Public Consultation on the Proposed Introduction of New Environmental Levies

‘Coffee Cup’ levy proposal at 0.15 cent per cup

The proposed ‘coffee cup’ levy is really a levy on single-use disposable cups and is being proposed both as a disincentive for consumers to pay extra for the cup and as a means of generating income to be used by the Environment Fund to build re-cycling and composting infrastructure in Ireland. This would allow any remaining disposable cups in the future to be recycled or composted. It is presumed that the levy, alongside other measures, would greatly reduce the estimated 200, 000,000 disposable cups used every year.

Within the debate on single-use plastic generally, the disposable ‘paper’ coffee cup has acquired totemic significance. According to the Government-funded, Recycling List Ireland, there are over 200 million disposable cups used in a year. (The plastic in the paper cup is the coating on the inside to allow the cup to hold hot beverages.)

Cleaning up our environment at the expense of coffee farmers and their environment? Based on current New York Coffee Exchange prices of about US$2.99 a kg, a coffee farmer receives less than EUR0.03 cent of a EUR2.00 cup of coffee. (In reality, they get less than this.)

Using a conservative guestimate of only 100 million of the 200 million disposable cups used a year being filled with coffee, and at a price per cup of EUR2.00, the Latte Levy at 0.15 cent per cup will earn the Government EUR15 million for work on improving the Irish environment. Using the same figure of 100 million cups the coffee farmers will receive less than EUR3 million.

The Irish Government and environment would receive five times as much from the Latte Levy at 0.15cent a cup, as the coffee growers receive for their coffee.

A New Sustainability Fund needed alongside Environment Fund Given the ongoing crises facing millions of coffee farmers related to unsustainably low prices and increasing impacts from climate change, it is imperative that any income earned from a Latte Levy be shared equally between support for coffee farmers’ adaptation strategies, and support for work on the Irish environment.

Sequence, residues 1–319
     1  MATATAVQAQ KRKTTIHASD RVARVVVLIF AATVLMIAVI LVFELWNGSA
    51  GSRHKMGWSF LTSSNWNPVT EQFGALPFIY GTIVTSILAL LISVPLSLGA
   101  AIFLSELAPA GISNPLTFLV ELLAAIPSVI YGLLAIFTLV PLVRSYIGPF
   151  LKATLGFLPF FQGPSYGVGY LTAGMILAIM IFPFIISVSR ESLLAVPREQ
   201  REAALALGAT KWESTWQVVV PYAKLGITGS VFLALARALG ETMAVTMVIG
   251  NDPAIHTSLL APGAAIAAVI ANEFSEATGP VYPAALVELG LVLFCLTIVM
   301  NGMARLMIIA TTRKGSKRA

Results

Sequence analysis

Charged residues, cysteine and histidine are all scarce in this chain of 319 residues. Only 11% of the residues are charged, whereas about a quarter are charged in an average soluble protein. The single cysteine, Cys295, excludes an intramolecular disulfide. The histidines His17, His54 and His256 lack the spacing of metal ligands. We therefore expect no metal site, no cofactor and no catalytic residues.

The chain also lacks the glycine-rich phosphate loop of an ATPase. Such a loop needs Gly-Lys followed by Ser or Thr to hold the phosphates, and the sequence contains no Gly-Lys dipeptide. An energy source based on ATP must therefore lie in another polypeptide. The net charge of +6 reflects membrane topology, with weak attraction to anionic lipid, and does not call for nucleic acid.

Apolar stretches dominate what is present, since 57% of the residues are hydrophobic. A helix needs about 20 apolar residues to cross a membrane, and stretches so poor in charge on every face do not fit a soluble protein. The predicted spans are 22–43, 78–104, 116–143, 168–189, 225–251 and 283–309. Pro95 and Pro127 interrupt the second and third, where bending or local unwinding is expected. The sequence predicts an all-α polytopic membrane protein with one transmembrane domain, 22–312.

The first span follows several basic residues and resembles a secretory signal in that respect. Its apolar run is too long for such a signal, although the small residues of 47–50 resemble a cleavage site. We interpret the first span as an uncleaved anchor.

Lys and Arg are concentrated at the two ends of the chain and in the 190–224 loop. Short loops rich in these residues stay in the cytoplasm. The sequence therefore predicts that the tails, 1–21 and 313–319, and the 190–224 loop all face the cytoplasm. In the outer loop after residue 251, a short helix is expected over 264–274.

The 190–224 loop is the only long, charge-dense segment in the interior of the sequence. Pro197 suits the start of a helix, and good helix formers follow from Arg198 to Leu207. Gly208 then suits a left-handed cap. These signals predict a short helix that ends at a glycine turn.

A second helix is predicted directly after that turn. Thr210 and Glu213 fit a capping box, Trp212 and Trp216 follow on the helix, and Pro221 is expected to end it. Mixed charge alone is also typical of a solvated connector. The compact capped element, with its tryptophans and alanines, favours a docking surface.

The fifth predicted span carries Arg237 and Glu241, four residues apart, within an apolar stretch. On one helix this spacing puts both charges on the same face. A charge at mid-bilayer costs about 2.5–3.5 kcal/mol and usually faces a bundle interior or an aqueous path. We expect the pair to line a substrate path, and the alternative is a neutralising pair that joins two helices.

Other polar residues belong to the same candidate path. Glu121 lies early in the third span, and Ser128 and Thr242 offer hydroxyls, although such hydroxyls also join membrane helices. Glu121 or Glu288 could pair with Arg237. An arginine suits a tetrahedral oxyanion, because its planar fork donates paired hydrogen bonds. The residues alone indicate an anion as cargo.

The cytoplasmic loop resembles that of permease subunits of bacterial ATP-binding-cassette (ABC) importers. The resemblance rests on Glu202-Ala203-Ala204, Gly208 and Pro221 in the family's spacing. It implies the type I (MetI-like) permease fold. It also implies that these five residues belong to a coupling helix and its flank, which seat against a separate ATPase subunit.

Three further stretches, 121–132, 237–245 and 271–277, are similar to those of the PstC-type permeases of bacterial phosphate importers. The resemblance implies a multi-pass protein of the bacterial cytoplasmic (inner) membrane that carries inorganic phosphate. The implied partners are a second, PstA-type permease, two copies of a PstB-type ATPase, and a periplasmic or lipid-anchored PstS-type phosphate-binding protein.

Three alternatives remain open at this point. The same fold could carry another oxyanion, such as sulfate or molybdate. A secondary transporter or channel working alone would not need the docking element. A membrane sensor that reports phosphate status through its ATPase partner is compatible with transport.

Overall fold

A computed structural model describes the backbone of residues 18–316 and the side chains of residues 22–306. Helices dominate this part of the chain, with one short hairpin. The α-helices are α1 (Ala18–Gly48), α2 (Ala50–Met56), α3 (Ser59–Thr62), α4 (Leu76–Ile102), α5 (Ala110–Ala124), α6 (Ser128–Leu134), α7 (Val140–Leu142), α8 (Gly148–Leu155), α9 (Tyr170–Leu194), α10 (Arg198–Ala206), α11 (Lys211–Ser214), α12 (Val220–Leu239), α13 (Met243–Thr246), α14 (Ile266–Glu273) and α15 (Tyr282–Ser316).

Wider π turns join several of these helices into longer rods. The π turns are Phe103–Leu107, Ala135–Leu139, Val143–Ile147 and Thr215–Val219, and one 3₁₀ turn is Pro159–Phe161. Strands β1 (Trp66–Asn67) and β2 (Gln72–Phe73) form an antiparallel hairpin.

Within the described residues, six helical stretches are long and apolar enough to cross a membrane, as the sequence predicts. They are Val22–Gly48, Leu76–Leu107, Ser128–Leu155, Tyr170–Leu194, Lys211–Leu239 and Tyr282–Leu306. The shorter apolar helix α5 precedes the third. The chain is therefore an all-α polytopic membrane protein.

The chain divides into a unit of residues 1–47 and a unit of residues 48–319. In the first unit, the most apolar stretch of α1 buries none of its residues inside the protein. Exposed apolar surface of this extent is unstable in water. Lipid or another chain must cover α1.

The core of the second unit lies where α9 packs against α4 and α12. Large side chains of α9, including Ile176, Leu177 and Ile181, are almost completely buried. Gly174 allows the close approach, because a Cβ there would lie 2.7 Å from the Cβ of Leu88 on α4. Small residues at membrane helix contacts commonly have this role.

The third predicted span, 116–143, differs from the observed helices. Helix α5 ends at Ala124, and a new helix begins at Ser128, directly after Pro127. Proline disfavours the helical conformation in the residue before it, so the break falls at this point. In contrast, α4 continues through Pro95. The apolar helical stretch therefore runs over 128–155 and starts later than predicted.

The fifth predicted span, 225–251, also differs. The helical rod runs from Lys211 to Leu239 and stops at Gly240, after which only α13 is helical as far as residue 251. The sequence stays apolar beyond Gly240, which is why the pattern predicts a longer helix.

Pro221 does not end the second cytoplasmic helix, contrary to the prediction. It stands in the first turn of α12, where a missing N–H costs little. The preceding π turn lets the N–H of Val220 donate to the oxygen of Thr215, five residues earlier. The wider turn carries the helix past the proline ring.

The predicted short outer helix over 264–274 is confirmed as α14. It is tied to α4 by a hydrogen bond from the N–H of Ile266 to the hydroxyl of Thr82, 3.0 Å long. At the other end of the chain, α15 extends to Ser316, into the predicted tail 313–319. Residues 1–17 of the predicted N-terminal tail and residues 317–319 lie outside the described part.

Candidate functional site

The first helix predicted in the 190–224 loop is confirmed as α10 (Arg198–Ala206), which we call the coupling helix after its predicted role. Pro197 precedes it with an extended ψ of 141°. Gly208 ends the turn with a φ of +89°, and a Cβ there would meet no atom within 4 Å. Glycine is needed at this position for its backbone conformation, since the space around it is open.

A new Sustainability Fund needs to be established in the context of the Irish Government’s new overseas Aid Policy and important commitments to helping the ‘poorest first’ and to ‘leaving no one behind’.

The Sustainability Fund created in Irish Aid to support coffee farmers and their environments – would be a significant signal from the Irish Government that it wants to align its development policies at home and overseas. It would create a clear message that helping to facilitate a just transition is at the core of Ireland’s environment, development and climate policies.

The Sustainability Fund would be used to help coffee farmers and their organisations build resilience to climate change impacts, to help them receive fairer prices for their coffee, and to mitigate against deforestation in coffee-growing communities.


From: Fairtrade Ireland, Carmichael, North Brunswick Street, Dublin 7. Ph: 01 475 3515;

Contact: Peter Gaynor, Executive Director, peter@fairtrade.ie